For those of you who have some difficulties to understand, Chateau Valandraud and Virginie de Valandraud and 3 of Valandraud are 3 wines made out of grapes grown in many different parcels around Saint-Emilion. These parcels were bought over many years, one at the time, by a motivated and passionate Jean-Luc Thunevin, supported by his wife and driven by an insatiable ambition to succeed and achieve his dreams. Remember that Jean-Luc started with barely nothing, didn't even have the money to buy his first parcel of vines and was considered like an outsider for years.

Made in this little garage including minimum equipment, with barely no money, only the precious tips of Alain Vauthier (Owner of Chateau Ausone and great friend of Jean-Luc), and from the passion and efforts of two dedicated characters (Jean-Luc and his wife Murielle) managing primitively the fruit of a small plot of vines, Valandraud was born and the first released vintage was in 1991. 

The name Valandraud is a combination of two words: Vallee (name after the location of the first parcel located in the vallee of the village of Saint-Emilion) and Andraud which is his wife family name (in the name of love...). 

Michel Bettane, one of the most influential and leading french wine critics (who, by the way, invented the therm "garagiste" after Jean-Luc and a small group of other innovative producers / winemakers of the Bordeaux region) and Robert Parker Jr. (the Wine Advocate and also the most well known wine critic in the world) described them as the pioneer of the "Vin de Garage" movement.

Although, the Thienpont family with Le Pin may have been one the precursor of this movement in the 70's with their 2 hectares in Pomerol and already low yield, the Thunevins were surely and somewhat accidentally (because they didn't have any other choice, no other place to make their wine and no money to buy the proper equipment, build the proper cellar or even purchase more wine) the first to bare the name as garagiste in Saint-Emilion, others, like Michel Gracia and many more, quickly followed the movement.    

And the rest is history. In 1995, Robert Parker Jr. gave a higher rating to Chateau Valandraud than Petrus, which suddenly was considered as one of the best and finest Saint-Emilion Grand Cru almost at the rank of Chateau Ausone and Chateau Cheval-Blanc. The Thunevins slowly and constantly increased their prices. They started to see the looks of people (of Saint-Emilion first) changed by the mid 90's, from badly considered and criticized they became adulated and showed as an example, a model of winemaker making richer, more concentrated and somewhat less traditional wines. A new era of winemaking and winemakers awaked on the right bank of Bordeaux.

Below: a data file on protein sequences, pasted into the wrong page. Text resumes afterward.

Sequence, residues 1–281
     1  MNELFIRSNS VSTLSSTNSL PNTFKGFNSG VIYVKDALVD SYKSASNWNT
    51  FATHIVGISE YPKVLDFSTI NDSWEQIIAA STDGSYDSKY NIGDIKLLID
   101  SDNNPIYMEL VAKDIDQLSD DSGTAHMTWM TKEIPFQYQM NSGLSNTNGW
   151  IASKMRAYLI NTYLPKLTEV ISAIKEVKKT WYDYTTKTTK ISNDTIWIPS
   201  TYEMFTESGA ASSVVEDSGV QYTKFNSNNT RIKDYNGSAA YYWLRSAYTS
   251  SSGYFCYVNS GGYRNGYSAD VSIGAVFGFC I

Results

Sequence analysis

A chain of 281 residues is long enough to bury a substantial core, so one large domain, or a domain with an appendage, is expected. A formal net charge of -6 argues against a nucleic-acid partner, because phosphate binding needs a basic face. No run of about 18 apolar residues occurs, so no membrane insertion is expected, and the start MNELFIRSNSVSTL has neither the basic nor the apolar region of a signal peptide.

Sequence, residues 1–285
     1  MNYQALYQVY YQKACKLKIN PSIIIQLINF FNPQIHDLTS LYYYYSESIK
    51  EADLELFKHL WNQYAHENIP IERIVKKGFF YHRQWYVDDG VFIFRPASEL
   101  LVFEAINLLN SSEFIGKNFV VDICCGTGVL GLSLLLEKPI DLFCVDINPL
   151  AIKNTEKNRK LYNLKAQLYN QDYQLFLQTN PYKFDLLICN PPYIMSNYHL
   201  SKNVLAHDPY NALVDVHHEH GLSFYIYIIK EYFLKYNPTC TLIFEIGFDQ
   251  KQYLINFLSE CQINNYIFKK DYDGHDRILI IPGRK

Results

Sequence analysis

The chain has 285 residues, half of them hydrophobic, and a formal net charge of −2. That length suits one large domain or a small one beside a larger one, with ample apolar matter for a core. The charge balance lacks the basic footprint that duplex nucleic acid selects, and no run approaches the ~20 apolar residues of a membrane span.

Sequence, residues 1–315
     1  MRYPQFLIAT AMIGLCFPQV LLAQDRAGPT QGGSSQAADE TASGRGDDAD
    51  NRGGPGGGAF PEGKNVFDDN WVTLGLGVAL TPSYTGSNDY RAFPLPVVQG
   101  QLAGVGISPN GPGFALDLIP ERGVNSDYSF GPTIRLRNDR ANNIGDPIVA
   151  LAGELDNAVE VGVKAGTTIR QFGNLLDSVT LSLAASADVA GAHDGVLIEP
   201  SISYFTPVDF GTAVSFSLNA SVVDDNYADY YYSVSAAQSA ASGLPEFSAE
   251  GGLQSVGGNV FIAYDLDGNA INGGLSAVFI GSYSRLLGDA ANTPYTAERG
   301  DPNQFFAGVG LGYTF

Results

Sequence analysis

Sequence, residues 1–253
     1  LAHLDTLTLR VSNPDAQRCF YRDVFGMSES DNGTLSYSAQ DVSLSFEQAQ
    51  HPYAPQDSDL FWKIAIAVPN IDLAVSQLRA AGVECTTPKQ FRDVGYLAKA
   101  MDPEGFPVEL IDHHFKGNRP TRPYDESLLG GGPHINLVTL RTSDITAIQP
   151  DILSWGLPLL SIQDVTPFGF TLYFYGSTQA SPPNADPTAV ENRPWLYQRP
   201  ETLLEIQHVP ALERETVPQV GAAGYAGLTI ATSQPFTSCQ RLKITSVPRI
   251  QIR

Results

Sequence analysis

Since then Jean-Luc Thunevin (the limitless, passionate workaholic) and Murielle Andraud (his lovely wife, chef de cuisine, also winemaker and fervent supporter of her husband) have bought quite a few more parcels and properties. They also manage a few, even if the they don't own them, consult for a few more and still find the time to take good care of their Negociant company distributing some the greatest estate of our world: Chateau Ausone, Dominio de Pingus and many more.  

I could write much more about everything that I learn about them and all the great moments that I shared with them during this little trip, but so many people have already wrote hundreds of pages on books and on internet (you can even read more on Jean-Luc's blog at, so I will just continue (in some other posts on my "Wine and Colors" blog) to develop my story of these few days spent in their company.  

And to conclude this post, I just would like to personally thanks them for what they are: two fantastic, generous and down to hearth persons who worked very hard and devoted all their time, patience and courage to arrive where they are now. Bravo! and Thank you again for you, your personalities, your wines and your beliefs. 

A tres bientot, I hope, in Brooklyn, New York or even Bordeaux. 


LeDom (aka Dominique) 

To be continued...